• Avoid rice grown in the south central states, such as Arkansas, Louisiana and Texas. These states were once cotton states and have shown significantly higher arsenic levels. California rice was tested at 41% lower arsenic levels than rice from these states.
  • Purchase other types of rice such as Basmati rice from countries that have tested much lower arsenic levels than the U.S., such as Nepal, India and Pakistan. Rice from Egypt was found to have the lowest arsenic levels of those tested.
  • Eat white rice as well as brown. While brown rice is generally healthier than white rice, more of the arsenic is stored in the outer hull. Consumer Reports has stated that arsenic concentrations found in the bran that is removed in milling can be 10 to 20 times higher than levels found in bulk rice.
  • Limit your servings of rice and rice products to no more than one per day at a maximum. Be mindful of how many products contain rice, such as rice cereals, rice cakes and gluten-free pasta and bread products. If your family is gluten-free, this is a good time to start experimenting with other food choices and alternative flours like almond flour, coconut flour and garfava flour.
  • Alternate your rice with other grains. Good substitutions are wild rice (which is not actually rice and is not currently an arsenic concern), quinoa and millet. You can also go grain-free for some meals each week and rely instead on foods such as spaghetti squash, zucchini strip “pasta” and cauliflower “rice.” Check paleo blogs and web sites for lots of recipes like these.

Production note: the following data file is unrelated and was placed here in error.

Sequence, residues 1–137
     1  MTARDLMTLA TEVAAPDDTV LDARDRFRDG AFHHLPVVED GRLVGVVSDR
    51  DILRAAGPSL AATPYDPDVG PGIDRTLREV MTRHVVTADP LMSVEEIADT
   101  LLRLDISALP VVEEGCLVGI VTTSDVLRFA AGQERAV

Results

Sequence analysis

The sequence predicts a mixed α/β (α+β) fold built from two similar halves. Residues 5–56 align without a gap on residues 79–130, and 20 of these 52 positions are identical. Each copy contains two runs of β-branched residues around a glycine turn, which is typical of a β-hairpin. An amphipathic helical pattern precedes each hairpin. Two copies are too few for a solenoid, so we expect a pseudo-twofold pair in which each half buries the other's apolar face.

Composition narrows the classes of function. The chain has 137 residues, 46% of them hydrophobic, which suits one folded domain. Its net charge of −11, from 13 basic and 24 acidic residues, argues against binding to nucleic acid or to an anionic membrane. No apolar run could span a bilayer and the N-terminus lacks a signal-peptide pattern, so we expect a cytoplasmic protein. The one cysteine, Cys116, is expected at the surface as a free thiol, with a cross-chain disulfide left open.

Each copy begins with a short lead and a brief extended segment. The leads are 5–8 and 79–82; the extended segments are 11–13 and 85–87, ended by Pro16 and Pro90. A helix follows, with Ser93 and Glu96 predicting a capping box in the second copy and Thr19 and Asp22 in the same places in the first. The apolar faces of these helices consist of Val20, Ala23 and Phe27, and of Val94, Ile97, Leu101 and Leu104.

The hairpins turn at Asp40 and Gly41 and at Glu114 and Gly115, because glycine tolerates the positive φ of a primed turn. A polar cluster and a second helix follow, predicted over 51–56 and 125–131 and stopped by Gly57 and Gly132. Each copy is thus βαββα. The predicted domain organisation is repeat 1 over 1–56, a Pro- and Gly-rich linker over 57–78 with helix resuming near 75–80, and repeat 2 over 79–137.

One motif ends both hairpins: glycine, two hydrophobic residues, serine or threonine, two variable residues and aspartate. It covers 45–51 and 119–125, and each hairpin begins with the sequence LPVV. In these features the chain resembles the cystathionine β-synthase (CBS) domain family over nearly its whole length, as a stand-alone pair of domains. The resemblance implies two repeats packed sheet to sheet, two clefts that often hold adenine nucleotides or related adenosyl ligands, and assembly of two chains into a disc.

• Avoid rice cereal for your baby. Feed a variety of age appropriate, unprocessed foods instead.
  • Do not serve rice milk as a primary beverage for your children. Aim instead for a wide variety of beverages and lots of filtered water.
  • Aim to serve mostly whole foods instead of packaged foods. This is generally good advice anyway!
  • Check ingredients for rice syrup and look for products that don’t list it near the top of ingredients. Organic brown rice cereal is a common sweetener in organic and natural foods.
  • Limit your family’s consumption of apple and grape juices. These have also been found to be high in arsenic (especially from other countries like China, who still use arsenic as pesticide).
  • If you have a private well for water, test it for arsenic levels. You can find information here on testing and treating your water for arsenic.
  • Purchase organic chicken if your family eats meat. Federal standards prohibit using chicken feed containing arsenic. Conventional chicken is often high in arsenic.
  • Breastfeed your baby instead of offering infant formula. Organic infant formulas often contain brown rice syrup as a sweetener.
  • Write your legislators and ask for federal limits of arsenic in foods. Consumer Reports has an online form to help.
  • See this chart to find out the arsenic levels in many brands of rice and foods tested by Consumer Reports.